“… An announcement to this effect was published in the Israeli daily papers and if you want, you can publicize it and bring it to the awareness of the Jewish public abroad.”


Rumor has it that you were given the “Torah of Moshiach” for computer checking. Can you tell us about computer checking and when it began?

We developed the first computer program that enables checking for missing or extra letters. This was after many years of work to deepen public awareness about Stam. We were very successful with tefillin and mezuzos but there was a widespread and problematic matter for which we found no solution.

Nearly every Shabbos, in large Jewish concentrations around the world, mistakes are found in Sifrei Torah when they are read. Obviously, not in every shul.

Usually, most of the p’sulim are because of a missing or extra letter and the like. I’ll explain. The kashrus of Stam is comprised of two essential things: 1) the completeness of the parsha, i.e., that there are 713 letters in a mezuza, 1594 letters in a pair of tefillin, and 304,805 letters in a Torah, each in its right place, and 2) the completeness of the letters, that each letter is written perfectly, according to halacha.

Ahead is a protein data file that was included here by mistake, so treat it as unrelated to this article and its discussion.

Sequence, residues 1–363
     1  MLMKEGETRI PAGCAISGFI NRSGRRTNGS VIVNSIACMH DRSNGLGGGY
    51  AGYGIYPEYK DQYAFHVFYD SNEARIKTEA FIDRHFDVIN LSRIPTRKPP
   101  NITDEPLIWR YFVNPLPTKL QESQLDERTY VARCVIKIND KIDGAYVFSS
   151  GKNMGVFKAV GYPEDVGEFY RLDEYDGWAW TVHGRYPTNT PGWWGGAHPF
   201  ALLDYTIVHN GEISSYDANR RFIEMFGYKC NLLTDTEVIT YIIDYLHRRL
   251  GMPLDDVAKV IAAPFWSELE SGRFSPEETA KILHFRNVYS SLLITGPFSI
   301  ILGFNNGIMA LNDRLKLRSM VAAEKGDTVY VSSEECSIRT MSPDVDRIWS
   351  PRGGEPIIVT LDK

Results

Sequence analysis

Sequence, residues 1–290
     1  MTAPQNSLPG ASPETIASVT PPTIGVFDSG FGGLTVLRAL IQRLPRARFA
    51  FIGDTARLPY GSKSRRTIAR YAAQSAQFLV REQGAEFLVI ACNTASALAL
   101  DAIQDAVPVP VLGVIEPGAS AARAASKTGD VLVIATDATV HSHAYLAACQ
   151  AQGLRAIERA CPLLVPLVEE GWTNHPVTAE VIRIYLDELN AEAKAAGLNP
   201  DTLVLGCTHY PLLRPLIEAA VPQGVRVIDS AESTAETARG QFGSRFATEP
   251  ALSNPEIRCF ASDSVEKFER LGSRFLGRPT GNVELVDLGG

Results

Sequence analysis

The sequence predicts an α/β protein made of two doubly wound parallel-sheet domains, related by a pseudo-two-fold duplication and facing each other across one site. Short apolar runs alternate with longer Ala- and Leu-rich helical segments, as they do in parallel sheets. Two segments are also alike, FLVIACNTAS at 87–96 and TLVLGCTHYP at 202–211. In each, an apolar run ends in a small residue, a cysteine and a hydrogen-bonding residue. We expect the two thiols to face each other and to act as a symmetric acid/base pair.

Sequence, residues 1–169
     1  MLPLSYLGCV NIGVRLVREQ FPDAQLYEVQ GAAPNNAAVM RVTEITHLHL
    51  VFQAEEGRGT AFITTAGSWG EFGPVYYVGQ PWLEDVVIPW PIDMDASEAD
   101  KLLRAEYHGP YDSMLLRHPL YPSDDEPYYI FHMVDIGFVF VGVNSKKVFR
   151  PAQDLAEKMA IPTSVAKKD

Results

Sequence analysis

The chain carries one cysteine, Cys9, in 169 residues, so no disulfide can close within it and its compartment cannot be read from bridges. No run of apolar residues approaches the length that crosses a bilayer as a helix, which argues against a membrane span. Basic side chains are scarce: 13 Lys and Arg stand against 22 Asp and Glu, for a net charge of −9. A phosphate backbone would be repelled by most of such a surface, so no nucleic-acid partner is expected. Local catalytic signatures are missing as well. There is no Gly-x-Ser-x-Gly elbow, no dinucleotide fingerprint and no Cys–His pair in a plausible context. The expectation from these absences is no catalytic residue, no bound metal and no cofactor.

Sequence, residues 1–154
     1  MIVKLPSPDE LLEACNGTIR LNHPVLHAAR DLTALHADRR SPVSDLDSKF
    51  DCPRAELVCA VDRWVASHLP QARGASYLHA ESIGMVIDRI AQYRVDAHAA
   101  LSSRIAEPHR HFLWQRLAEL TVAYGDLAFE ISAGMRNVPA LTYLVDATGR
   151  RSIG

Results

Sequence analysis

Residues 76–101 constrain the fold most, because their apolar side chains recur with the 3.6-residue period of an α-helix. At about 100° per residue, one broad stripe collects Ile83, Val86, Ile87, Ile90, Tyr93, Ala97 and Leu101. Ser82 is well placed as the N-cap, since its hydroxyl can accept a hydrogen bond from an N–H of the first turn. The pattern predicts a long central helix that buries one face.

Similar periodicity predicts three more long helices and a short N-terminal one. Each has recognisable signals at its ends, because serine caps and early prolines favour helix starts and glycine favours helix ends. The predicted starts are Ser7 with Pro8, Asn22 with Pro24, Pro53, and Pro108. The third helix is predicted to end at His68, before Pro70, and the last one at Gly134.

When a sofer knows the halachos, he usually writes correctly and there is no problem with the completeness of the letters. After the writing is done, the magia (trained checker/proofreader) reviews it and he is also supposed to know the halachos. If there is a problem with a letter, it will hopefully come to the attention of the checker.

Great poskim have written that if you want to be sure that a Torah is kosher l’mehadrin, four proofing checks and three inspections should be done! In the Kaf HaChayim it says that the proofing process should be done by two expert sofrim, each of whom holds a Torah, one reads and the other listens.

There is no question that if the sofrim invested in seven checks and inspections with two sofrim, hardly any p’sulim would be found in Sifrei Torah. But the way checks are actually done is nothing like that.

The breakthrough began in 5744/1984, when I met with Dr. Yechiel Neiman of Boston, a Torah scholar and internationally known computer expert.

The project took four long years and an investment of hundreds of thousands of dollars. In 5748 the computer program was ready. Great rabbanim, who were involved in the details of the program, told us that its use should be limited to missing and extra letters, not for checking the kashrus of the letters, which often depends on the considered opinion of the accredited Stam checker or a well-versed posek, who need to see the original for themselves.